"The problem stems from changes that were made to clean up the
TCP option code that were merged back in July as part of the 2.6.27
merge window. TCP options are a mechanism to expand the
functionality of the protocol as conditions change. There are a
handful of commonly used options that the two endpoints of a
connection can agree to use, for things like maximum segment size
(MSS), window scaling, selective acknowledgment (SACK), and
timestamps. Options have been added over time to provide more
internet robustness and performance as well as to support
higher-bandwidth physical connections.
"A perfectly reasonable, if unintended, consequence of the code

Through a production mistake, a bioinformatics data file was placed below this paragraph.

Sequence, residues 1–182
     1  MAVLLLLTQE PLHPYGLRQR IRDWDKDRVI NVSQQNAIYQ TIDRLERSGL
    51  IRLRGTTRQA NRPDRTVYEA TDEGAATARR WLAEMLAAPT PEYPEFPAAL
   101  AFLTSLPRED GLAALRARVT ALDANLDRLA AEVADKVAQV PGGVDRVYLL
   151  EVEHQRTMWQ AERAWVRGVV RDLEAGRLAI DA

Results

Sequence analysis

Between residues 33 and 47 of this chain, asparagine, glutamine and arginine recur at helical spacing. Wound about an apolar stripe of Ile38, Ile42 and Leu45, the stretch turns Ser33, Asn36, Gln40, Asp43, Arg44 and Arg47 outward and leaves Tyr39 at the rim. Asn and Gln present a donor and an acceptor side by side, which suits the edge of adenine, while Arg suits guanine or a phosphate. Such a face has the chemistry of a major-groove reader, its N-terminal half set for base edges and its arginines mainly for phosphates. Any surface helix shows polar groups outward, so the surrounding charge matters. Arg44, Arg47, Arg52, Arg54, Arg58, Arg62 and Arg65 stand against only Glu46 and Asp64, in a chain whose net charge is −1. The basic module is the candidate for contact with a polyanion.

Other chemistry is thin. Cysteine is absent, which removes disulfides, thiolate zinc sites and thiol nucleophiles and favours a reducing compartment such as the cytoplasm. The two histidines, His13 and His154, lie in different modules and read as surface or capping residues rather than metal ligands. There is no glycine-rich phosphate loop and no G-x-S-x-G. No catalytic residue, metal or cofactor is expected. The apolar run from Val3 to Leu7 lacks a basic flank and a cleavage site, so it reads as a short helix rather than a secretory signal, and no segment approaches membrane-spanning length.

change was that the the options were put into the header in a
slightly different order. According to the relevant RFCs, options
can appear in any order in the option section of the TCP header.
But, some home and/or internet routers seem to expect a fixed
order; refusing to make connections if the order is "wrong". In
particular, it would seem that the MSS option needs to appear
before the SACK option."